The Velotastic Beeley is a warm winter cap in classic style, made from a wool/viscose mix that's comfortable on chilly days.
This is a simple cap, but it's very nicely executed, with a stiff peak to keep the winter sun out of your eyes. Okay, let's be honest, it'll keep the rain out of your eyes and off your glasses too.
Being a simple cap, it covers the top of your head only. That means it works fine when the weather is merely cool, but when the temperature gets down to low single figures – anything under about 6°C for me – I want something over my ears too. But for those days when it's appropriate, it's very nice indeed: cosy and comfortable.
The Beeley – named after a favourite climb of the folks at Velotastic – comes in just the one size. It's on the large side. It fits my 59cm-ish head, but when my partner tried it she found it too roomy for her much smaller sizing, with the elastic at the back producing unsightly bunching and the cap not feeling very secure.
The fly in the ointment here is the viscose in the fabric blend. A sort of semi-synthetic cotton, viscose is a cellulose fibre made from wood pulp by a process that can involve some hazardous chemicals ending up in the environment. Outdoor clothing maker Patagonia says that most viscose factories only recover about 50% of the carbon disulphide used in the process. There are environmental issues with almost all fabrics, but leaking a highly toxic solvent into the world is arguably on another level entirely.
If Velotastic could find a less dodgy fabric to make the Beeley, it'd be perfect cool-weather headgear.
Comfortable and warm cool-weather cap
road.cc test report
Make and model: Velotastic Beeley Cap
Size tested: One size
Tell us what the product is for, and who it's aimed at. What do the manufacturers say about it? How does that compare to your own feelings about it?
It's a wool-mix cycling cap for keeping your head warm when it's chilly outside.
Velotastic says: "Named after one of our favourite Peak District climbs, this British made cycling cap is ideal for those cooler days."
Tell us some more about the technical aspects of the product?
One size fits most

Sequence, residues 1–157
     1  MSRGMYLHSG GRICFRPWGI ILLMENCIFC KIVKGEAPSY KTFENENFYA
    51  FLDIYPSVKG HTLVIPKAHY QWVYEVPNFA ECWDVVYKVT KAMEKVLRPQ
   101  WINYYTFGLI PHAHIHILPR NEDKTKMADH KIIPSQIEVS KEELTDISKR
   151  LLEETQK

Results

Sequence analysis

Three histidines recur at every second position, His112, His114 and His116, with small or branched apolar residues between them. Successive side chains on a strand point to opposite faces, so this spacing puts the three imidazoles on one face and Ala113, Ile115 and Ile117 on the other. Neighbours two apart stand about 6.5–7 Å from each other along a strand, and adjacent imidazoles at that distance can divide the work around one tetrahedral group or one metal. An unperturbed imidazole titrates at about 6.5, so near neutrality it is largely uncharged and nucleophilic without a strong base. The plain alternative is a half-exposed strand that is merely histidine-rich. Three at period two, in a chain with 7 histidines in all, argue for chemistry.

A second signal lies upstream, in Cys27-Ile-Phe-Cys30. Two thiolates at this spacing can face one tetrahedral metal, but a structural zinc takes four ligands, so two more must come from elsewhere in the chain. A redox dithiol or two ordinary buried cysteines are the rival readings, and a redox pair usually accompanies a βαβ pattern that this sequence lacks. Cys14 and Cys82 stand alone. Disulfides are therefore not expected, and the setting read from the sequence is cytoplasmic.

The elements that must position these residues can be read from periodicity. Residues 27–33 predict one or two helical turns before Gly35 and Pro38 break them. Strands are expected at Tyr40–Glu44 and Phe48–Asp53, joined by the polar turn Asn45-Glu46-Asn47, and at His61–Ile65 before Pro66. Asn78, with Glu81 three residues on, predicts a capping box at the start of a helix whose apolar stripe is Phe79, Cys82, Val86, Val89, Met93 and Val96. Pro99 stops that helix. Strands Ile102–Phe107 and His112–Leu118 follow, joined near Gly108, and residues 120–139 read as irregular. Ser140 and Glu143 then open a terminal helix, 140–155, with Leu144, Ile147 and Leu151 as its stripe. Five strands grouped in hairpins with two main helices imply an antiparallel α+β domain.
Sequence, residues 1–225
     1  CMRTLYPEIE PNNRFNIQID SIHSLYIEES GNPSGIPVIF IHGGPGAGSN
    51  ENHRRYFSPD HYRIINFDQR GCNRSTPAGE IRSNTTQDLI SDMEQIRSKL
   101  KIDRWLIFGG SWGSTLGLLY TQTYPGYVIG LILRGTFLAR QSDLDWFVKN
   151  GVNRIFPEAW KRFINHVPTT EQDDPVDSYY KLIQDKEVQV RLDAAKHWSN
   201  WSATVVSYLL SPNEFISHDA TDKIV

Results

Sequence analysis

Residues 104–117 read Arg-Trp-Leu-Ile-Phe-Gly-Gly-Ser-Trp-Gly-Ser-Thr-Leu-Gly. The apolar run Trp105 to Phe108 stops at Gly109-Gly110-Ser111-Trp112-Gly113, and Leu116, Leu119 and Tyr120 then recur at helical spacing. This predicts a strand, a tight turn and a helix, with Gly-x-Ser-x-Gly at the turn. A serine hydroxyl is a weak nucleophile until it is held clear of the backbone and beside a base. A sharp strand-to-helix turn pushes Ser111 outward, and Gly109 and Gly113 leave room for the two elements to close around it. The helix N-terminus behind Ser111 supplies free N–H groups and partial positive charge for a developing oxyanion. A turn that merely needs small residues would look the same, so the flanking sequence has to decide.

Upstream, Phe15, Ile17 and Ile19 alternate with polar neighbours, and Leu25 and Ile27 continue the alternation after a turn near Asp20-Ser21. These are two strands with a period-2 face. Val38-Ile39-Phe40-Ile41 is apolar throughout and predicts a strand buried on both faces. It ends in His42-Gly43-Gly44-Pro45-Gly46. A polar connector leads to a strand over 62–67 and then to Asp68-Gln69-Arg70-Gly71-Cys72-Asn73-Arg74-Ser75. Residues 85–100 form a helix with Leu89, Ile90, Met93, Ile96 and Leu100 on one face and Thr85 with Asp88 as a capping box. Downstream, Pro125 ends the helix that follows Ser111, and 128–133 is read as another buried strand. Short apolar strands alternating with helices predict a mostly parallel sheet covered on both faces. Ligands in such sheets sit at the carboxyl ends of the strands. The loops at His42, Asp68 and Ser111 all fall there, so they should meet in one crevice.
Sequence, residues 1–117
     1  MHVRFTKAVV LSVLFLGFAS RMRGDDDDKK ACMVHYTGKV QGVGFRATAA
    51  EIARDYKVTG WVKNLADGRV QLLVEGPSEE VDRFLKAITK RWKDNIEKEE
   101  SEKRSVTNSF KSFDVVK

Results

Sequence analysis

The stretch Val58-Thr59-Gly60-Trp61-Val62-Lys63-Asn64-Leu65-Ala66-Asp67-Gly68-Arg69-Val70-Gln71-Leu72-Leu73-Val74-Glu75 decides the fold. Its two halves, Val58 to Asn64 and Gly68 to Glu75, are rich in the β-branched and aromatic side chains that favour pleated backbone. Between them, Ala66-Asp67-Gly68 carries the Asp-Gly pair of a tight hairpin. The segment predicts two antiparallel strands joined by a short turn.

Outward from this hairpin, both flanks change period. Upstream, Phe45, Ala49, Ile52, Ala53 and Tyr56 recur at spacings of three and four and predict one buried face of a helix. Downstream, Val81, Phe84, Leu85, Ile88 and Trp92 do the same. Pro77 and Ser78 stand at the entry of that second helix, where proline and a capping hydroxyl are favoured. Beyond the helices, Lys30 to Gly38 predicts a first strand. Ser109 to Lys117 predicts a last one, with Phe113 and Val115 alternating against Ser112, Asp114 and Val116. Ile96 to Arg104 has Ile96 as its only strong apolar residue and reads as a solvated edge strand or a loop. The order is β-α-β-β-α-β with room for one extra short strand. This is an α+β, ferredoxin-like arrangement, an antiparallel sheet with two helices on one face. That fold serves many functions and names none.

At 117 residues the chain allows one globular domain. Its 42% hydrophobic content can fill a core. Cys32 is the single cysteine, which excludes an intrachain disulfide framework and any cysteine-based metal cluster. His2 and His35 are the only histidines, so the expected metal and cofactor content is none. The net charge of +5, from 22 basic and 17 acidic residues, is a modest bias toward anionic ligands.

60% Wool, 40% Viscose
Made in England
Colours – Camel brown or Ninja Black
Velotastic says "one size fits most". It's fine on my 59-60cm head, but on smaller heads like my girlfriend's 53-ish it bunches quite a lot and doesn't feel secure.
It's very comfortable and the fairly open fabric means you don't get too sweaty when working hard.
Tell us how the product performed overall when used for its designed purpose
Kept my head warm without making it sweaty when working hard.
Tell us what you particularly liked about the product
Spot-on fit (for me, see above), good but not excessive warmth for cool days.
Tell us what you particularly disliked about the product
Use of viscose in the mix.
Did you enjoy using the product? Yes
Would you consider buying the product? No
Would you recommend the product to a friend? No
Use this box to explain your score
Two things mark the Beeley down. It needs to come in at least two sizes so people with smaller heads can use it; if you're below about a 55 in hat size, don't bother.
The use of viscose in the fabric is the bigger issue for me, though, and I considered knocking it down a few points for that alone. But viewed just as a cycling cap it works very well, so I'll let you make up your own mind whether the environmental aspects of viscose production put it on your 'don't buy' list or not.
About the tester
I usually ride: Scapin Style My best bike is:
I've been riding for: Over 20 years I ride: Most days I would class myself as: Expert
I regularly do the following types of riding: commuting, touring, club rides, general fitness riding, mountain biking
Our official grumpy Northerner, John has been riding bikes for over 30 years since discovering as an uncoordinated teen that a sport could be fun if it didn't require you to catch a ball or get in the way of a hulking prop forward.
Road touring was followed by mountain biking and a career racing in the mud that was as brief as it was unsuccessful.
Somewhere along the line came the discovery that he could string a few words together, followed by the even more remarkable discovery that people were mug enough to pay for this rather than expecting him to do an honest day's work. He's pretty certain he's worked for even more bike publications than Mat Brett.
The inevitable 30-something MAMIL transition saw him shift to skinny tyres and these days he lives in Cambridge where the lack of hills is more than made up for by the headwinds.